The team needs to deploy an update to the xx network to protect it from DDoS attacks before the xx messenger launch, and as a result we will be releasing an update on Tuesday, December 21st.
Most privacy systems have a fairly poor time against DDoS attacks, specifically attacks that send an overwhelming amount of ostensibly valid traffic into the system. The underlying issue is that anonymizing traffic is very expensive (both computation and bandwidth). In most efficient privacy systems, it is much more expensive for the system than the submitter. This asymmetry can be exploited to easily overwhelm the system with traffic, ensuring it is not available to those who want to use it.
Overall, the xx network is uniquely situated to solve this issue. Due to the integration of a blockchain with the cMix mix network, the xx network can use economic incentivization (i.e. paying for sending messages with xx coins) to ensure cost for usage of the xx network is homologous with the work the network puts in. You can read more about this system in the xx network white paper in the section, “Postage”.
This solution has 2 issues:
- The systems to pay for usage of the mixnet are not yet in place
- The system needs to have a free tier to allow general availability of untraceable communication.
The second issue ensures that even when deployed, economic incentivization is not sufficient. The moral imperative of universal access to privacy (for example through the xx messenger) demands a significant level of free usage be publicly available. As a result, another solution must be found.
This is a particularly difficult problem, and solutions like mini proofs of work on send seem to work, but only create burdens in the thousands of USD a day to overcome and saturate the network.
After spending significant time on this problem, we have settled on a solution based upon the scarcity of IPv4 addresses. This is not a fool proof solution, and would likely be overcomable by nation-state level adversaries at the scale of the xx network currently, but we believe it to be effective against most adversaries the network will face in the near future.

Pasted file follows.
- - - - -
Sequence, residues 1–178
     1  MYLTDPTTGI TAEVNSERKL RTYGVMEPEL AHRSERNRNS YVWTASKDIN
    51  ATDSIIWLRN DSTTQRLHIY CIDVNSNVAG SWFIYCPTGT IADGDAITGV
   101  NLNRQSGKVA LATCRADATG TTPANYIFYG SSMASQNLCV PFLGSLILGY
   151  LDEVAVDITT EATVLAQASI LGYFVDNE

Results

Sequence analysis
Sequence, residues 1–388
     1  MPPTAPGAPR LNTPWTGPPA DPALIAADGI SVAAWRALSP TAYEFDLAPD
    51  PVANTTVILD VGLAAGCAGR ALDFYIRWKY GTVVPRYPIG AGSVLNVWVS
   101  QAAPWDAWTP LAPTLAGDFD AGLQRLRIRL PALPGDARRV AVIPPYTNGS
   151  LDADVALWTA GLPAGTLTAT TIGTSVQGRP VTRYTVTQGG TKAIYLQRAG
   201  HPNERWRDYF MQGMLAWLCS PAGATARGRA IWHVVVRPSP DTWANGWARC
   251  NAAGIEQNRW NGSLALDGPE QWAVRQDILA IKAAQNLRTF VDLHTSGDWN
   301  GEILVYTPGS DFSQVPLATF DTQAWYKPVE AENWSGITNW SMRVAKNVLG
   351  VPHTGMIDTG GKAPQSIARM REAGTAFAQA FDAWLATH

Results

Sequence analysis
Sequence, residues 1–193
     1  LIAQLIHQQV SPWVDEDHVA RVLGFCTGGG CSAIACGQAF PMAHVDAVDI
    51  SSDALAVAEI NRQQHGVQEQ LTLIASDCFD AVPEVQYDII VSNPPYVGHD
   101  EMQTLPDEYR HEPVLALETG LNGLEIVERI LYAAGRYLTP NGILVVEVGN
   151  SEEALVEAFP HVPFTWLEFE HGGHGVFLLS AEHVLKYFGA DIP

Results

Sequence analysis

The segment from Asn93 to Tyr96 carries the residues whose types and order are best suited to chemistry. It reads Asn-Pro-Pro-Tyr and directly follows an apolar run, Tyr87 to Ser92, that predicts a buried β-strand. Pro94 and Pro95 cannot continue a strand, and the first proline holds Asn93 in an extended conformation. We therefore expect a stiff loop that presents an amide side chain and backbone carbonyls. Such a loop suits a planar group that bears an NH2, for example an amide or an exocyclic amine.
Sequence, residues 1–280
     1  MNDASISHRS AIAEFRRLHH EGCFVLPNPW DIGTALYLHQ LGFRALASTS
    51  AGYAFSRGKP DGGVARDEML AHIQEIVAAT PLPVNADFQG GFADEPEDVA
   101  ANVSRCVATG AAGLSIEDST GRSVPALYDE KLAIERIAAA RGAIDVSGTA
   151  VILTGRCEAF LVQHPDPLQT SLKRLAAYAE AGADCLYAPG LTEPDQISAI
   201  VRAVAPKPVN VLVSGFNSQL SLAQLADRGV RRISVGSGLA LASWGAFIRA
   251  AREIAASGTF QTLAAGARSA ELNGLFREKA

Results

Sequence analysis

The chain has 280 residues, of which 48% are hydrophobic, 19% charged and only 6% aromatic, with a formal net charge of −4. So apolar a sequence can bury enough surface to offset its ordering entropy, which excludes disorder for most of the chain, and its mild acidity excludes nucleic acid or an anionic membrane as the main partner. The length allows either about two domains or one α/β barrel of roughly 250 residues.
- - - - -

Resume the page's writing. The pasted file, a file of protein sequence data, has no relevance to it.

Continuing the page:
Essentially, the solution is to rate-limit, across the entire network, all IP addresses. Gateways will share which IPs sent messages through them, and as a group aggregating them to ensure that no IP can send more than 4000 mix-packets a day (more on this later). Given the system currently processes 216,000,000 mix packets per day, this means one would need 54,000 separate IPv4 addresses to saturate the system. And, given the network is expected to grow, this should be at 108,000 IPv4 addresses shortly (at 550 nodes).
At this scale, some companies, ISPs, and nation-states would have the capacity to overwhelm the system, as well as the larger botnets, but all of which would expend significant cost. It is also possible to permanently ban IPs (via the tech committee) which are engaging in malicious behavior, so attacks are somewhat of a one and done affair.
The network will almost certainly grow. For example, with a full implementation of the pipelining feature, as well as growth of the network, a requirement of millions or more IPv4 addresses at scale is expected.